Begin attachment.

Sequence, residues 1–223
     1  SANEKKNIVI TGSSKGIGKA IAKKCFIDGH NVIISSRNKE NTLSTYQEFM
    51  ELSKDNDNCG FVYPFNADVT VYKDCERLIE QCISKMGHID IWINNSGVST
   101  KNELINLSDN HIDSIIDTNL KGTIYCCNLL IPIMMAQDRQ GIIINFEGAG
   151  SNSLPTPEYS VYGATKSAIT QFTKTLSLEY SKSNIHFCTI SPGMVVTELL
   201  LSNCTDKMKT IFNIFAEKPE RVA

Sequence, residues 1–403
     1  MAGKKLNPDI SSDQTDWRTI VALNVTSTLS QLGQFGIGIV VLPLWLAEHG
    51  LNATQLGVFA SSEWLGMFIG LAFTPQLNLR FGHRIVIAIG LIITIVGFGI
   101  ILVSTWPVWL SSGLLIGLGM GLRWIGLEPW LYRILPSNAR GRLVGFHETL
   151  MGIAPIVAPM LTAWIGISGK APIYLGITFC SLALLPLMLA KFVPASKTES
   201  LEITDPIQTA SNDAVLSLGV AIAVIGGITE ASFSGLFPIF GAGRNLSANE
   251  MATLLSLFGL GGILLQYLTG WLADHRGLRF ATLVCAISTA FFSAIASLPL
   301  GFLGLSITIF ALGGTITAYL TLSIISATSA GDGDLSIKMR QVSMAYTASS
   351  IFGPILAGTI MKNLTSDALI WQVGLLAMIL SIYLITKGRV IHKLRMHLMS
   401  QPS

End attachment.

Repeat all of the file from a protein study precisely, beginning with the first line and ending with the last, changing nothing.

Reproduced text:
Sequence, residues 1–223
     1  SANEKKNIVI TGSSKGIGKA IAKKCFIDGH NVIISSRNKE NTLSTYQEFM
    51  ELSKDNDNCG FVYPFNADVT VYKDCERLIE QCISKMGHID IWINNSGVST
   101  KNELINLSDN HIDSIIDTNL KGTIYCCNLL IPIMMAQDRQ GIIINFEGAG
   151  SNSLPTPEYS VYGATKSAIT QFTKTLSLEY SKSNIHFCTI SPGMVVTELL
   201  LSNCTDKMKT IFNIFAEKPE RVA

Sequence, residues 1–403
     1  MAGKKLNPDI SSDQTDWRTI VALNVTSTLS QLGQFGIGIV VLPLWLAEHG
    51  LNATQLGVFA SSEWLGMFIG LAFTPQLNLR FGHRIVIAIG LIITIVGFGI
   101  ILVSTWPVWL SSGLLIGLGM GLRWIGLEPW LYRILPSNAR GRLVGFHETL
   151  MGIAPIVAPM LTAWIGISGK APIYLGITFC SLALLPLMLA KFVPASKTES
   201  LEITDPIQTA SNDAVLSLGV AIAVIGGITE ASFSGLFPIF GAGRNLSANE
   251  MATLLSLFGL GGILLQYLTG WLADHRGLRF ATLVCAISTA FFSAIASLPL
   301  GFLGLSITIF ALGGTITAYL TLSIISATSA GDGDLSIKMR QVSMAYTASS
   351  IFGPILAGTI MKNLTSDALI WQVGLLAMIL SIYLITKGRV IHKLRMHLMS
   401  QPS